As U.S. Sen. Kyrsten Sinema continues to stymie voting rights legislation by refusing to support filibuster reform, an overwhelming majority of respondents to a Tuesday survey by Indivisible said they would back a 2024 primary challenger to the Arizona Democrat if she does not change course.
"Since 2021, Arizonans have been calling on Sinema to eliminate the filibuster and pass democracy reform."
In a "flash poll," the progressive advocacy group asked over 4,600 Indivisible activists in Arizona via SMS: "If Sen. Sinema votes 'no' on fixing the filibuster and passing voting rights, would you support a Democratic primary challenge to her in 2024?"
Out of the 723 people who texted back, 94% replied affirmatively.
"Since 2021, Arizonans have been calling on Sinema to eliminate the filibuster and pass democracy reform," Indivisible said in a statement Tuesday. "Despite the senator's refusal to host a single town hall or have a meeting with activists, Indivisibles have been trying to get through to her with rallies, light brigades, car caravan protests, letters to the editor, and social media."
"After a year of demonstrations and activist pressure, fed-up constituents and voters who helped elect Sinema are starting conversations around finding a Democratic primary challenger to Sinema after her failure to represent Arizonans and follow through on her campaign promises," the group said.
Indivisible isn't the only progressive organization that would support primarying Sinema. In a statement last week, Adam Jentleson of Battle Born Collective and the Primary Sinema Project asserted that "there is no excuse for Sinema's obstruction" of filibuster reform, which progressives say could be the key to passing the Freedom to Vote: John R. Lewis Act.
Obstruction by Sinema and fellow corporate Democrat Sen. Joe Manchin (W.Va.) has already all but sunk President Joe Biden's flagship Build Back Better Act, as well as other progressive legislation.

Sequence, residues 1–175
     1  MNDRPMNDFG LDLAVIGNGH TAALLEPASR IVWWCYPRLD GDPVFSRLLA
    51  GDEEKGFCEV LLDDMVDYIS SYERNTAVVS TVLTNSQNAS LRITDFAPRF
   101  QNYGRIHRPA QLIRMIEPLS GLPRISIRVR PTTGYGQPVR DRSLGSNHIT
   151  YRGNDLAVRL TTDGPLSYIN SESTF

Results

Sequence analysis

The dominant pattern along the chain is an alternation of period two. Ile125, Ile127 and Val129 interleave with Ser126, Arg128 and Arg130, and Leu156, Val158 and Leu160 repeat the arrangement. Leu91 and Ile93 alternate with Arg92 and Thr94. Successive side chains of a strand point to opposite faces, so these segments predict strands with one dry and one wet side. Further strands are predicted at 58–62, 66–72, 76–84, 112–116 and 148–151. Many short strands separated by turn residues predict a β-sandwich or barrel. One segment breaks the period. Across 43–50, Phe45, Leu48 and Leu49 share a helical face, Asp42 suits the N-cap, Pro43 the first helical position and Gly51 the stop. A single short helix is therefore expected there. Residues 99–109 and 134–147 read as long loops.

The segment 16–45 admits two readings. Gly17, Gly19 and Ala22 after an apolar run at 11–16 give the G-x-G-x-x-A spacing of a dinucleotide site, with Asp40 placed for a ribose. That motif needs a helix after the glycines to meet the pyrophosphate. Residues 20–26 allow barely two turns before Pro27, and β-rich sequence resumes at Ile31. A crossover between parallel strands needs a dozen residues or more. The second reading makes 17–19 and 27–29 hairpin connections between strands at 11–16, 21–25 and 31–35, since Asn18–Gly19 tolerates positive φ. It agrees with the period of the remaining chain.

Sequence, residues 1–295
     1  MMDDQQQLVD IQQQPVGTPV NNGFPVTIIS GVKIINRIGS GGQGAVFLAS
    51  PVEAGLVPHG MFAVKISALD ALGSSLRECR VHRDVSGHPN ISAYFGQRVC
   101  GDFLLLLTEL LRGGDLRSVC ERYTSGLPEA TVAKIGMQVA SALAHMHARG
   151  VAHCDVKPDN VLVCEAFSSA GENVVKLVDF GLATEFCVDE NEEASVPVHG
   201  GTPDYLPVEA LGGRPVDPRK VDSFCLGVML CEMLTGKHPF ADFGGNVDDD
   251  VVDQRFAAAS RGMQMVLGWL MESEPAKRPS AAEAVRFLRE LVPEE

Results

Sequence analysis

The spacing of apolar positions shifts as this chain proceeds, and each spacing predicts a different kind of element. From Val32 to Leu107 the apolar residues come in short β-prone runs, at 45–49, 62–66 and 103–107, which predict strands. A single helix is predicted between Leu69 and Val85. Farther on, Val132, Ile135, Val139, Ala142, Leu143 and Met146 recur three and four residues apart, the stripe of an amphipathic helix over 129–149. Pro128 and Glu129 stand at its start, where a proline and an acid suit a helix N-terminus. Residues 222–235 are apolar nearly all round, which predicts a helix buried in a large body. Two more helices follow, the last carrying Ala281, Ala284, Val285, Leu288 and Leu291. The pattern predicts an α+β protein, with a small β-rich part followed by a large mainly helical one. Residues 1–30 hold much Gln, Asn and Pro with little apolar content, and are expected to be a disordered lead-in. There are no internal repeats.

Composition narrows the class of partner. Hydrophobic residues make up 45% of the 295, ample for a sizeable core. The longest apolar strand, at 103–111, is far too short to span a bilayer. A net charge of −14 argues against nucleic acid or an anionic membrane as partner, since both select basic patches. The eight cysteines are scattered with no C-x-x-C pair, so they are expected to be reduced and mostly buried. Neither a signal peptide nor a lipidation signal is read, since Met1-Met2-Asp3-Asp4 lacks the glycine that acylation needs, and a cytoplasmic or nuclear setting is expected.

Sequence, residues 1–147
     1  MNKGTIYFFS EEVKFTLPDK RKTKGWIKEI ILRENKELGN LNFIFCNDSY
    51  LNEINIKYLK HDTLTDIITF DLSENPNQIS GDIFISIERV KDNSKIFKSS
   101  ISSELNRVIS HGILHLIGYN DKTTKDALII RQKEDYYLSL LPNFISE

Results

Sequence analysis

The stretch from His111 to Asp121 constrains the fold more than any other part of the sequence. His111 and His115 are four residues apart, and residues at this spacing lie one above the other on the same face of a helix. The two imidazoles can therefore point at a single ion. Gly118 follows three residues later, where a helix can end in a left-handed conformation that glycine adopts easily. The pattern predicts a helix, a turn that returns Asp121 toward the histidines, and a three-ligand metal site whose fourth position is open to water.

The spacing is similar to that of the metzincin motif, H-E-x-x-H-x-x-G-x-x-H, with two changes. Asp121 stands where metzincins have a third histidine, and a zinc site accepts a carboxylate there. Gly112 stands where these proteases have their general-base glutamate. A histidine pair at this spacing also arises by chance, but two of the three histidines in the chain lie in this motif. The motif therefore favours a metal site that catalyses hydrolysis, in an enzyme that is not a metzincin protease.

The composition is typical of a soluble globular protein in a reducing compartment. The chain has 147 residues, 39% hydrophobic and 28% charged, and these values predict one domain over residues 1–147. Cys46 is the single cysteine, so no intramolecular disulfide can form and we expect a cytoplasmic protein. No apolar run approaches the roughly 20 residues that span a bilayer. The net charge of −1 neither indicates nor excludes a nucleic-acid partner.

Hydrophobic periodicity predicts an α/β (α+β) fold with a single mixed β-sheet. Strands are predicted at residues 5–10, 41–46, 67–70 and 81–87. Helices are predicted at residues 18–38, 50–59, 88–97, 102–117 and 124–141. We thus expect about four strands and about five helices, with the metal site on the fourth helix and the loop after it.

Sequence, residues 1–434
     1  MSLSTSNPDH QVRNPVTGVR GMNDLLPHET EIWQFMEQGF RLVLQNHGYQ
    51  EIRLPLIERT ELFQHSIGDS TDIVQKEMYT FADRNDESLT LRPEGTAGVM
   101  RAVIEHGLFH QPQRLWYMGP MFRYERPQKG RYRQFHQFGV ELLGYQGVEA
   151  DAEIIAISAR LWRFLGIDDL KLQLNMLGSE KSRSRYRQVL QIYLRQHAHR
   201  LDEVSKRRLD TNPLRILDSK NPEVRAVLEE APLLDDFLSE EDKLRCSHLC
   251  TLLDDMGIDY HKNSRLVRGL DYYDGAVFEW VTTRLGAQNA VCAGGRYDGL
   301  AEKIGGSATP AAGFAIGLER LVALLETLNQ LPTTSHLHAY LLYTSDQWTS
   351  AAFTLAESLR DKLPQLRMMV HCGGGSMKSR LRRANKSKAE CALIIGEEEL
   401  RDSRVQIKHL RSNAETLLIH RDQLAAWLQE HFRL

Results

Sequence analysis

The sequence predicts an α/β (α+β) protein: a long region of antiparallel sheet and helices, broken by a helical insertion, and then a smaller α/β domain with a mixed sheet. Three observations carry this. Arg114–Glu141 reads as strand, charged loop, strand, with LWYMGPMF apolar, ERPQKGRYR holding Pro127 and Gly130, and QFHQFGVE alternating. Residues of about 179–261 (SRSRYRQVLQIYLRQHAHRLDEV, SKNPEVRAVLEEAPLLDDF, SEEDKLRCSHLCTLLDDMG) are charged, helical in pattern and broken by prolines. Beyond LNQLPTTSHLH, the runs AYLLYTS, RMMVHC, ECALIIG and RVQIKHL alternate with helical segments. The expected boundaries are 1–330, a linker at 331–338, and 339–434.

Jentleson argues that Sinema is "out of step with Arizonansand not just Democrats," noting, for example, that 61% of all voters in the state support a $15 minimum wagewhich she opposesaccording to Data for Progress polling.
"Sinema is not blocking a wave of far-left priorities," he asserts, "rather, she is blocking President Biden's agenda. Biden ran and won on an ambitious agenda that included democracy reforms and aggressive steps to stop climate change, among many other issues. By supporting Republican efforts to gut Biden's Build Back Better agenda, and by defending the filibuster that blocks a wide range of Democratic priorities, Sinema is blocking much of Biden's agenda from passing."
Punchbowl News reporter Christian Hall tweeted Tuesday that Sen. Bernie Sanders (I-Vt.) told him that "he'd be open to supporting a primary challenge to senators against suspending the filibuster."
EMILY's List, the national advocacy group that supports pro-choice women running for public office, said Tuesday it would no longer support Sinema if she won't back filibuster reform.
"Right now, Sen. Sinema's decision to reject the voices of allies, partners, and constituents who believe the importance of voting rights outweighs that of an arcane process means she will find herself standing alone in the next election," Emily's List president Laphonza Butler said in a statement Tuesday.
Also on Tuesday, the reproductive freedom advocacy group NARAL Pro-Choice America announced it was changing its endorsement criteria "to reflect our commitment to the freedom to vote."
"Going forward," the group tweeted, "we won't endorse any U.S. senator who doesn't support changing the Senate rules to pass voting rights legislation. Our democracy is on the line."